Bacterial biofilms: why should we care?
The impact of biofilms on animal health and public health is undeniable. I am spending part of my sabbatical leave here at CReSA working on a collaborative project with Virginia Aragón on biofilm formation by Haemophilus parasuis, another important swine pathogen.
What are biofilms?
Bacterial biofilms are generally defined as structured clusters of bacterial cells enclosed in a self-produced polymer matrix that are attached to a surface. Bacteria can adhere to cells and tissues as well as to solid surfaces (e.g. floor or equipment found at a farm, slaughterhouse, or processing plant).
It is estimated that 80% of the earth’s microbial biomass resides within biofilms. Biofilms appear to facilitate the survival of bacterial pathogens in their environment and their host. Bacterial biofilm isolated from a wide range of niches share several common characteristics: (1) bacterial cells are enclosed in polymer matrix composed of exopolysaccharides, proteins and nucleic acid; (2) biofilm formation is initiated by extracellular signals present in the environment or produced by the bacteria; (3) the biofilm protects bacteria against the host immune response, desiccation and biocides (e.g. antibiotics or disinfectants). The latter characteristic is of course of great importance in human and veterinary medicine.
Despite extensive scientific coverage of biofilms associated with human infections or industrial processes, biofilm formation by bacteria of veterinary importance and associated with zoonotic diseases have received very little attention. My laboratory is studying biofilm formation by Actinobacillus pleuropneumoniae, an important respiratory tract pathogen of swine, and by coagulase-negative staphylococci isolated from bovine mastitis. We have developed or adapted in vitro models to study biofilms under static conditions or in the presence of a liquid flow. We use screening of library mutants and determination of genes expression to know more on the genes that are important for biofilm formation and dispersion. We also rely greatly on confocal microscopy to visualize and characterize the biofilms.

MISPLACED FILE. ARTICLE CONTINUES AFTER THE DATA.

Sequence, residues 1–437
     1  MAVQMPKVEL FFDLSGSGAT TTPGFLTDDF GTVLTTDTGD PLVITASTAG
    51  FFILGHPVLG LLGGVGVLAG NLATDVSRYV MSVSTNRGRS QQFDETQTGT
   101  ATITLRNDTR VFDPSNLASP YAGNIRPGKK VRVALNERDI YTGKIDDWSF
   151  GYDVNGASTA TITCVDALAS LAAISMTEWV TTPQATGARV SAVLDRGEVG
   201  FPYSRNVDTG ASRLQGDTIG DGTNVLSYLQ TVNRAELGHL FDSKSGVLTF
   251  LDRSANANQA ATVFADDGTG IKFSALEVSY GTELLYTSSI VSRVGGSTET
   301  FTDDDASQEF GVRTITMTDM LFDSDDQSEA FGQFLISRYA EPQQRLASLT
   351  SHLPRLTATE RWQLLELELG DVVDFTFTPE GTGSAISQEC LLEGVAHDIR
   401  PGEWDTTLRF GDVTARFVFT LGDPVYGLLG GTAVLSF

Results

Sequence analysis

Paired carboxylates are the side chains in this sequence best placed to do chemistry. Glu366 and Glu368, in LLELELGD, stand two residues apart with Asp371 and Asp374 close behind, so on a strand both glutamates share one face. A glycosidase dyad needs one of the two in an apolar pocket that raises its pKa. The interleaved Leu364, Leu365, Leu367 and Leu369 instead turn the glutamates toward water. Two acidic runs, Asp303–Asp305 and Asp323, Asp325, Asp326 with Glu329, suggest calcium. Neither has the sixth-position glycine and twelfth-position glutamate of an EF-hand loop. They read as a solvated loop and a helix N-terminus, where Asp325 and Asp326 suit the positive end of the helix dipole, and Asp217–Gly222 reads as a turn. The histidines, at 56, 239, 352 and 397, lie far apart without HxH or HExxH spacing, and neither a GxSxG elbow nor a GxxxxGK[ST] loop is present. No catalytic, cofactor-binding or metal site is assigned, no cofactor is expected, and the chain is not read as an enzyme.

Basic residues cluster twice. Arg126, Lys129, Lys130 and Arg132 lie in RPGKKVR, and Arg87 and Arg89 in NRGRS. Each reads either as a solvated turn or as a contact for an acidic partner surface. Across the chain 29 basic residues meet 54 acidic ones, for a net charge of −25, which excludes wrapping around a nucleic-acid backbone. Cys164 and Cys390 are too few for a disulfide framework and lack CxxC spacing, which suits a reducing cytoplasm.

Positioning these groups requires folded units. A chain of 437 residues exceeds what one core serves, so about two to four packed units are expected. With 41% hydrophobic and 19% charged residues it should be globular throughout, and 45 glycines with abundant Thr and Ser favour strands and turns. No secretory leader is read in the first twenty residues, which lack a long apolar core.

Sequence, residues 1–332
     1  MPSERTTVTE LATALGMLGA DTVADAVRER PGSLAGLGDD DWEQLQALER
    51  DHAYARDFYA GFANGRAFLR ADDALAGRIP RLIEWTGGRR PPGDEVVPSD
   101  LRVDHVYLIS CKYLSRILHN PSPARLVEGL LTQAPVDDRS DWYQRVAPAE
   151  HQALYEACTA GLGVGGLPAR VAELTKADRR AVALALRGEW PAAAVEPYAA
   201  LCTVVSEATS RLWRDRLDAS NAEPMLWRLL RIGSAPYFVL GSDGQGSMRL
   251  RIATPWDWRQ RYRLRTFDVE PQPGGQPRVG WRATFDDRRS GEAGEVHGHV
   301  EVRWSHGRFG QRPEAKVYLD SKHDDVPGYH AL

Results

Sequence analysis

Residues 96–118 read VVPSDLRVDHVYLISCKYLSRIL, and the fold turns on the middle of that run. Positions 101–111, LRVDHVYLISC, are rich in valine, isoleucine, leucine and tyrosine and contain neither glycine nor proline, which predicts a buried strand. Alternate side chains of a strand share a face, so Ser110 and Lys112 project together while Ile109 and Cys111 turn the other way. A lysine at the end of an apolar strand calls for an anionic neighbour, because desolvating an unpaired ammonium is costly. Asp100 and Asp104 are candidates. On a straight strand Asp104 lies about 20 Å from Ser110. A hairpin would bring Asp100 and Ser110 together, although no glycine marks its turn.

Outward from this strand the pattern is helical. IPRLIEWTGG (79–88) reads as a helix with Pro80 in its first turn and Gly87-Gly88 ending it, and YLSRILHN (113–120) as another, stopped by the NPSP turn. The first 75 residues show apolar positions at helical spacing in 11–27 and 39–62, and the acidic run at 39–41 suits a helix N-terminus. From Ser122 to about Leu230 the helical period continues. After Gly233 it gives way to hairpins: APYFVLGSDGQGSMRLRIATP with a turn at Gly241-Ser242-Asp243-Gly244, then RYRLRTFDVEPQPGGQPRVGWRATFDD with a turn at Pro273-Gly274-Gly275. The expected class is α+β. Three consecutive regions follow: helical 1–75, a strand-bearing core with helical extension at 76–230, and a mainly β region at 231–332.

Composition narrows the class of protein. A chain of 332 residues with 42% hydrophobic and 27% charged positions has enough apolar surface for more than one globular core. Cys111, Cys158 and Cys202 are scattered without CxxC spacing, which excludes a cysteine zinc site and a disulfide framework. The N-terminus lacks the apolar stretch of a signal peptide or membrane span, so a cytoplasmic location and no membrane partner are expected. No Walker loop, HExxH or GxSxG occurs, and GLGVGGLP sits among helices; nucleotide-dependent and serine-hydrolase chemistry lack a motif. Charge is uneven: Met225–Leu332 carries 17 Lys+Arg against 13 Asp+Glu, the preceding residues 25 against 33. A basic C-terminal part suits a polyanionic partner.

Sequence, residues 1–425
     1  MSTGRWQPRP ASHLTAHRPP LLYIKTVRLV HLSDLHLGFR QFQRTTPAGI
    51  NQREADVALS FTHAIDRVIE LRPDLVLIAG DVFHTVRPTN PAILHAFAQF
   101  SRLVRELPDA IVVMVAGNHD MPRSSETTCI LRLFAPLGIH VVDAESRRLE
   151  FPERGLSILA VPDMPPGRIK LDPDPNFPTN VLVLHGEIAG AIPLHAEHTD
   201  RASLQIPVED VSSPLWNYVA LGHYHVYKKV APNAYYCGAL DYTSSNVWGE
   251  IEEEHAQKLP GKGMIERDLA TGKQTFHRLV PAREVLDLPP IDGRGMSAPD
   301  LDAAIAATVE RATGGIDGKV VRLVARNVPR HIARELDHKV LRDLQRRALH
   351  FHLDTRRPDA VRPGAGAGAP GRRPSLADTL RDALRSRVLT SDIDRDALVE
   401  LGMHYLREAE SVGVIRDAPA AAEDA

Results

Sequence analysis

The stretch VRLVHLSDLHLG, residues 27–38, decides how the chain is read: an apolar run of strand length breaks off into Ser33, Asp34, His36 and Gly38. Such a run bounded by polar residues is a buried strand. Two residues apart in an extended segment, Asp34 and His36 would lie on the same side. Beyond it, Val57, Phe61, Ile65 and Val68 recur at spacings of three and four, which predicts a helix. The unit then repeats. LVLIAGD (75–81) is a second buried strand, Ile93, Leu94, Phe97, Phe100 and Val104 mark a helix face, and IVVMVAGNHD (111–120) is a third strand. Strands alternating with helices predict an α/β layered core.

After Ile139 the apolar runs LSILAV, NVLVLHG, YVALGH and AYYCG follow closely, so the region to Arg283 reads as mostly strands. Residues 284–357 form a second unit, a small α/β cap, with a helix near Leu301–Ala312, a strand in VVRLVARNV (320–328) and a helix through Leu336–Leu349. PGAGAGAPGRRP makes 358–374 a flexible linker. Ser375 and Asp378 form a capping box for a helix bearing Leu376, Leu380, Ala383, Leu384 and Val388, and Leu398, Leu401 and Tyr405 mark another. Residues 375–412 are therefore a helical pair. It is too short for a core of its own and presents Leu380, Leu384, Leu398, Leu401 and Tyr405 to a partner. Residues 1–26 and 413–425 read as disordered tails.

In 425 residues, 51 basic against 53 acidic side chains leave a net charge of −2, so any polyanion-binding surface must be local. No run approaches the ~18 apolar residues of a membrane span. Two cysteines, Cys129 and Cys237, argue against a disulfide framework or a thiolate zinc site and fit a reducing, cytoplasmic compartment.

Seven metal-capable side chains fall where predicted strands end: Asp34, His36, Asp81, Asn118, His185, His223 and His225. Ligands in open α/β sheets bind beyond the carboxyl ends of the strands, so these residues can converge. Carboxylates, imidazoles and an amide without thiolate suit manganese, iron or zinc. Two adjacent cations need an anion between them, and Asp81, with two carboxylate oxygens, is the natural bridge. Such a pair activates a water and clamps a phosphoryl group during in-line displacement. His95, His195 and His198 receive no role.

I am spending part of my sabbatical leave here at CReSA working on a collaborative project with Virginia Aragon on biofilm formation by Haemophilus parasuis, another important swine pathogen. The project was initiated three years ago when one of my graduate students, Vincent Deslandes, came to CReSA for several months through a financial support of the Gouvernement du Québec. We observed a marked difference between virulent and non-virulent strains of H. parasuis in their ability to form biofilms.
So, why should we care?
Because the impact of biofilms on animal health and public health is undeniable. Biofilm formation can increase the resistance of bacteria to antibiotics, disinfectants and host immune response. Therefore, biofilm formation can interfere with the proper treatment of animals or effective disinfection at the farm, the slaughterhouse or the processing plant. It is also important to keep in mind that biofilm formation is not restricted to animal pathogens and animal infections, several food-borne pathogens, including Listeria, Escherichia coli O157:H7 and Salmonella have the ability to form biofilms. Research aimed at developing strategies to prevent and treat infections of animals must take into consideration the unique characteristics of biofilms. Further research is also required to develop effective disinfection protocols to eliminate biofilms from the farm and food-processing environments, because biofilms can act as a reservoir for infectious agents.
Those interested by this topic can have a look at the review article Virginia Aragon and myself published in Animal Health Research Reviews [11(2):97-121, 2010].
Professeur de microbiologie
Faculté de médecine vétérinaire
Université de Montréal
St-Hyacinthe, Québec, Canada